42:17 Dan: A student with cerebral palsy could only write in large movements, but handwriting capture could would at a high zoom level and then shrunk down to normal size.
44:16 Dan: There are many different types of things people will be able to do.
45:30 Adam: You were telling me that pinching and other gestures will be possible.
45:38 Dan: You will be able to resize images and move them around.
46:26 Adam: What new features for back-end data integration will you add?
46:48 Selwyn: We're putting in a big effort to use REST API services.
47:48 Adam: So I could call an API to do face recognition on images?
48:20 Selwyn: If the service is available as a REST API, you could do that.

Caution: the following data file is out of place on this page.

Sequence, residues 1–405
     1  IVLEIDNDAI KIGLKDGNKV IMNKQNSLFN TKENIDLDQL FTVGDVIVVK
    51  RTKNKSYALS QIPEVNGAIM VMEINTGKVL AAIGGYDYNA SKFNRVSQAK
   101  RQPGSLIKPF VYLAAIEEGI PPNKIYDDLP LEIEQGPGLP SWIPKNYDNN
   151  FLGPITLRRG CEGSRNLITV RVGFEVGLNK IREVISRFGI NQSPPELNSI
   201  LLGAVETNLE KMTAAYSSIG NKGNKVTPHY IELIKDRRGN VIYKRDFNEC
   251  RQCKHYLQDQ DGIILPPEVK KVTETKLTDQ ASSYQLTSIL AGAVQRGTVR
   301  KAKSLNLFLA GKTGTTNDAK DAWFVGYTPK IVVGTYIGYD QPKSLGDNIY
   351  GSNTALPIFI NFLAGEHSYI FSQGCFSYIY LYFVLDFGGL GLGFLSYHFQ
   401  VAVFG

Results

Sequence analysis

48:44 Adam: Any other major areas you want to talk about?
48:52 Selwyn: We're building on top of a very strong technology foundation.
50:09 Adam: This is going to take some evolution to go beyond standard clipboard data entry.
50:40 Dan: We think we are making this type of application inexpensive enough to allow experimentation.
51:47 Adam: The real-time ability for people in the central office to interact with data collected in the field has huge potential.
53:01 Dan: Somebody could be sitting at their desk and watch an image appear with an area circled and a handwritten note on what needs to be addressed. We want our system to do whatever they want quickly and inexpensively.
54:20 Adam: Every time I talk to you guys I start visualizing new use cases. We've talked about inspectors, but first responders would need these capabilities too.
54:55 Dan: You would expect the forms they'd use to allow fast and easy input from the field.
55:18 Adam: This is all very exciting. Let's do this again in a month.